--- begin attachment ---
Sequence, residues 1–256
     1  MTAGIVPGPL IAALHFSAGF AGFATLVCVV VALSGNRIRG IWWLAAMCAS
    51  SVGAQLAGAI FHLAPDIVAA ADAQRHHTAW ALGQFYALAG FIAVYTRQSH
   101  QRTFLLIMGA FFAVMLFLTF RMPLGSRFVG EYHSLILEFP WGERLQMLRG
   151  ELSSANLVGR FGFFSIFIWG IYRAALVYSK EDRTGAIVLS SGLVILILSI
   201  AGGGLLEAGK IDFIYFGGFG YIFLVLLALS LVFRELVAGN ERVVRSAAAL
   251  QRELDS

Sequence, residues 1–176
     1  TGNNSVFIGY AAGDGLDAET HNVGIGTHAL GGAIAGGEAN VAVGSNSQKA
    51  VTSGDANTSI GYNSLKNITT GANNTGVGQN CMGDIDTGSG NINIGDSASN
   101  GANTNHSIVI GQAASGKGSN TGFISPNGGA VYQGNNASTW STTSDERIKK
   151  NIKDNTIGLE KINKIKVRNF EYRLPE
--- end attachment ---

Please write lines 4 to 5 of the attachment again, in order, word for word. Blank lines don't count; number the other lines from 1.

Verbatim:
   101  QRTFLLIMGA FFAVMLFLTF RMPLGSRFVG EYHSLILEFP WGERLQMLRG
   151  ELSSANLVGR FGFFSIFIWG IYRAALVYSK EDRTGAIVLS SGLVILILSI